1. Overuse their vocal cords
If you’ve lost your voice after singing all night or having to speak out loud, you know what it’s like to overuse your vocal cords. Our dogs can stress their vocal cords just like you and I do, especially if they bark for prolonged periods of time for any reason. This is common in dogs with separation anxiety who bark for hours when they are left alone, dogs who bark excessively during stressful events such as storms or fireworks, or even dogs who bark excessively due to cognitive dysfunction. If your canine friend barks excessively for any reason, this could cause them to lose their voice.
2. Symptoms of respiratory disease
Have you ever had a cold so bad that your voice sounded hoarse and limp? Our dogs experience this complication when they develop respiratory disease too! Any type of respiratory disease can cause inflammation of the nasal passages and throat, which in turn can affect the function of the vocal cords. If any of the tissues that make up the larynx become inflamed, it can affect the way the structure vibrates, ultimately putting stress on the dog’s bark. Depending on the severity of the tissue inflammation, this can cause everything from a hoarse bark to a complete loss of voice.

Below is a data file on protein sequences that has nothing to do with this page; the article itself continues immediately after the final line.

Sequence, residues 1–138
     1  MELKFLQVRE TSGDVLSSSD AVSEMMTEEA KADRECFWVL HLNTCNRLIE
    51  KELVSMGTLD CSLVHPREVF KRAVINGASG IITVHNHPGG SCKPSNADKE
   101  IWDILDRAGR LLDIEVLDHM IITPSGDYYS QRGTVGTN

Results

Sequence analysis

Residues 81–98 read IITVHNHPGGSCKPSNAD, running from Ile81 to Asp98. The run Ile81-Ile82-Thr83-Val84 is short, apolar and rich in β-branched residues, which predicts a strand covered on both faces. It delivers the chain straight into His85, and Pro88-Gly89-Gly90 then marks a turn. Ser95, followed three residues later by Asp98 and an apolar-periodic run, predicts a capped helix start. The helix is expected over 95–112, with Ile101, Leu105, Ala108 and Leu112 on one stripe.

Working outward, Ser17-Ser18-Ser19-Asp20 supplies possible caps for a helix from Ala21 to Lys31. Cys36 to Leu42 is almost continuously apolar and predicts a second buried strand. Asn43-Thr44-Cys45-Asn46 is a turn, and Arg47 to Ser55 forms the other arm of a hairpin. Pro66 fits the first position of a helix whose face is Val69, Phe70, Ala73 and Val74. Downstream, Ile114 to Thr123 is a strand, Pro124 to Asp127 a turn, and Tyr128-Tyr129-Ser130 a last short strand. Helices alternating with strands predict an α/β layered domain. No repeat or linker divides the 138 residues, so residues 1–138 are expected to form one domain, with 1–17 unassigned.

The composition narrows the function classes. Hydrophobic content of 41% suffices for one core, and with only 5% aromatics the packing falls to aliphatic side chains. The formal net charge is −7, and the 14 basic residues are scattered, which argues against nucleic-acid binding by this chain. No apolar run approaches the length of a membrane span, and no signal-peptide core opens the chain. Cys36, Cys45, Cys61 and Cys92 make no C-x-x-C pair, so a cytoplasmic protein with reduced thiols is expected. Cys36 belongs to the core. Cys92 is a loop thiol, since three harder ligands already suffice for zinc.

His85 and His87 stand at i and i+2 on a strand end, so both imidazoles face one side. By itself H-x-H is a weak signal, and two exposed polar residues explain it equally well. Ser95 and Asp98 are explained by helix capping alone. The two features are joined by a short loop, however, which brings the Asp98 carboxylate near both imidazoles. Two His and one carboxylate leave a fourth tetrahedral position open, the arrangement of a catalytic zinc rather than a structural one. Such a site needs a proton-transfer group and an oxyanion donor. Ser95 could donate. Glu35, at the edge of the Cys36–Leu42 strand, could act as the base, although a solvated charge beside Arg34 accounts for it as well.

3. Tracheal collapse
Another potential cause of a dog’s voice loss is a collapsed trachea. This condition can profoundly affect a dog’s quality of life. It affects everything from their voice to their ability to breathe.
The trachea is the tube that connects the dog’s throat to the lungs. It acts as a conduit for air to flow from the mouth and nose into the dog’s lungs, so they rely on the trachea for each breath. The trachea itself needs to maintain a tubular shape to allow the natural flow of air, which is achieved by the many rings of cartilage that make up the structure. Without cartilage rings in the trachea, 80% of the channels would not be able to maintain their shape.